Ethical Risks & the Human Element of Information Security: Insiders and Social Engineering
Created on August 28, 2017
Cyber security is often viewed as a technological field. Despite this, study after study has found that criminal hackers' often low-tech "social engineering" attacks, malicious insiders, and even simple human error are the initial cause of the majority of data breaches and other security incidents. How do these attacks work? And what can you do to safeguard your clients and your practice?
Attorneys can also be held responsible for security incidents as a result of 2012 amendments to the American Bar Association's Model Rules of Professional Conduct. These changes address the increasing use of technology in legal practice and the ongoing need to safeguard client and firm data.
Attorney and information security consultant Scott Aurnou will discuss the amended Rules and the basic steps needed to comply with them, including measures to secure confidential client and e-discovery information. He will provide a background of how electronic data and system access can be at risk from both external and internal attacks (as well as mistakes), outline methods used by attackers, and highlight key steps needed to mitigate risks facing law firms and organizations of all sizes.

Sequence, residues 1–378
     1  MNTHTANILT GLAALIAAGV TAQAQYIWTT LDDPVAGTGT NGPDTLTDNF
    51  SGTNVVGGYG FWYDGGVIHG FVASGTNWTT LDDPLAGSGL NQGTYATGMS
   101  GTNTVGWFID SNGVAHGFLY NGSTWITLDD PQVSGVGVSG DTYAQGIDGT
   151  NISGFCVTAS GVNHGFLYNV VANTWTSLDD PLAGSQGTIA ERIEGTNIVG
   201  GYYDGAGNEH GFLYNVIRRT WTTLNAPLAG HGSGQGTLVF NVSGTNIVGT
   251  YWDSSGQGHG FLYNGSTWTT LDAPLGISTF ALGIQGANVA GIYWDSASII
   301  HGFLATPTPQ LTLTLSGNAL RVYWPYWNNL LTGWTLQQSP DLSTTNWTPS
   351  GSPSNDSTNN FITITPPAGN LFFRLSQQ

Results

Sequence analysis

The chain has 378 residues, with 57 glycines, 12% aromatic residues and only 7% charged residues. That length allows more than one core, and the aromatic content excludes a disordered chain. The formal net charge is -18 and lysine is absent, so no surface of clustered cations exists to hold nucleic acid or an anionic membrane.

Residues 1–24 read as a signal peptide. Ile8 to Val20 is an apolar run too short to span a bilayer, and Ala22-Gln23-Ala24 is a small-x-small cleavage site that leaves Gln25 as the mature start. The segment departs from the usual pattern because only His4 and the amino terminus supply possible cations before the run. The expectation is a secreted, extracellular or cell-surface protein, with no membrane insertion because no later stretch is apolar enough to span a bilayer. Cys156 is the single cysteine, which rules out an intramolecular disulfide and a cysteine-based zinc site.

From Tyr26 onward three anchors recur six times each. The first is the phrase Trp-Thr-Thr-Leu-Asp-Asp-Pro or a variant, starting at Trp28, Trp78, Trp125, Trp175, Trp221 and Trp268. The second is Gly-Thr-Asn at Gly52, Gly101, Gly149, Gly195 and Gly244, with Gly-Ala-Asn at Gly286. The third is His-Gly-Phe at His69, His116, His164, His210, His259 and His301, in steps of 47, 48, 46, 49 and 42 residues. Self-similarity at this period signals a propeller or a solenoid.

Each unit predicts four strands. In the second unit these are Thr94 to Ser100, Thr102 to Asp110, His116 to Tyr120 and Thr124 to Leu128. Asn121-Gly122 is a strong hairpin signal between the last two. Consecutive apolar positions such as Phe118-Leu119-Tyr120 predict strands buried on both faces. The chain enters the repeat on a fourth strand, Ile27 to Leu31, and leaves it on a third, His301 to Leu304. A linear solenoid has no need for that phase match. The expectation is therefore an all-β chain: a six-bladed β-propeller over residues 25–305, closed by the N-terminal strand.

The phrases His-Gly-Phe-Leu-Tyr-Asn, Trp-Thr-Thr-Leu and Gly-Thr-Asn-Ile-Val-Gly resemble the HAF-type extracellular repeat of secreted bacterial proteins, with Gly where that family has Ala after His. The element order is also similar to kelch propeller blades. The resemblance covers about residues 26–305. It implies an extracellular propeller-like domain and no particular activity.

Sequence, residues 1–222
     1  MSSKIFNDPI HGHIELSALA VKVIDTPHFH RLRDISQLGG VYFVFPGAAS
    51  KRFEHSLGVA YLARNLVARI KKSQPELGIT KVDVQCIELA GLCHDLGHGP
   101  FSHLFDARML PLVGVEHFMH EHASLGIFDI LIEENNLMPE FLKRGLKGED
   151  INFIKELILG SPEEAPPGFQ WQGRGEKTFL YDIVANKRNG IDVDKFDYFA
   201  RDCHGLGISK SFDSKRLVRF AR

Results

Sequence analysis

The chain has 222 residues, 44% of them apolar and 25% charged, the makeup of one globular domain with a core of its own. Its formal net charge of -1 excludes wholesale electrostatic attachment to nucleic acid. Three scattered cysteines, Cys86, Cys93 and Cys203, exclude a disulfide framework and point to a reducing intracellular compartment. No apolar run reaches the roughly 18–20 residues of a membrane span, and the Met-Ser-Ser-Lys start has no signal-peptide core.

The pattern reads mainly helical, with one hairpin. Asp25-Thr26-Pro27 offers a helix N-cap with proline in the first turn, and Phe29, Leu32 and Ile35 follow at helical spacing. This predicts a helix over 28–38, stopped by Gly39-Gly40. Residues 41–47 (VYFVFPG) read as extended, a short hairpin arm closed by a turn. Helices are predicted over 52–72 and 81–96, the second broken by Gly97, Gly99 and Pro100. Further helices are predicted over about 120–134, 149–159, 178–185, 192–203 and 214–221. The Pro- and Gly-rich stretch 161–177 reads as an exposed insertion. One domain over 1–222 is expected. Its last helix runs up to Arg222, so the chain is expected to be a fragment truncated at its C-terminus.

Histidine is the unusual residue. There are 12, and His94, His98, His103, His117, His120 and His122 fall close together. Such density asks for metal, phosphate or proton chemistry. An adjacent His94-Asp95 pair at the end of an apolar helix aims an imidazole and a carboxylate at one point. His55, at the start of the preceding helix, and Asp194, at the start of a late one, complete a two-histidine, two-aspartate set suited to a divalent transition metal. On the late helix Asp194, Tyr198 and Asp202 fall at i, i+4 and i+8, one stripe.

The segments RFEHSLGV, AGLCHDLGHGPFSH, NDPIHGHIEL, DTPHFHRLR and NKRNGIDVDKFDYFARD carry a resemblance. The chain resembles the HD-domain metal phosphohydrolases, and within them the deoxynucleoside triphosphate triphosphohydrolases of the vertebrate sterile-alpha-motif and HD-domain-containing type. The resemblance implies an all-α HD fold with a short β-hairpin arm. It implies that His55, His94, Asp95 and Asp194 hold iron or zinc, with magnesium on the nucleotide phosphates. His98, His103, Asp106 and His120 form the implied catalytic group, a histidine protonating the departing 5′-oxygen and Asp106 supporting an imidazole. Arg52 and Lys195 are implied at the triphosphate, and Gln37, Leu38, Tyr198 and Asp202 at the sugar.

- Learn about ethical obligations under the ABA Model Rules pertaining to attorney competence, technology, and behavior-based security issues
- Identify and understand social engineering techniques
- Understand the types of human error that can place an organization at risk
- Examine the risk presented by malicious insiders
Understand effective measures that can be taken to mitigate the effect of human error, insider, and social engineering attacks
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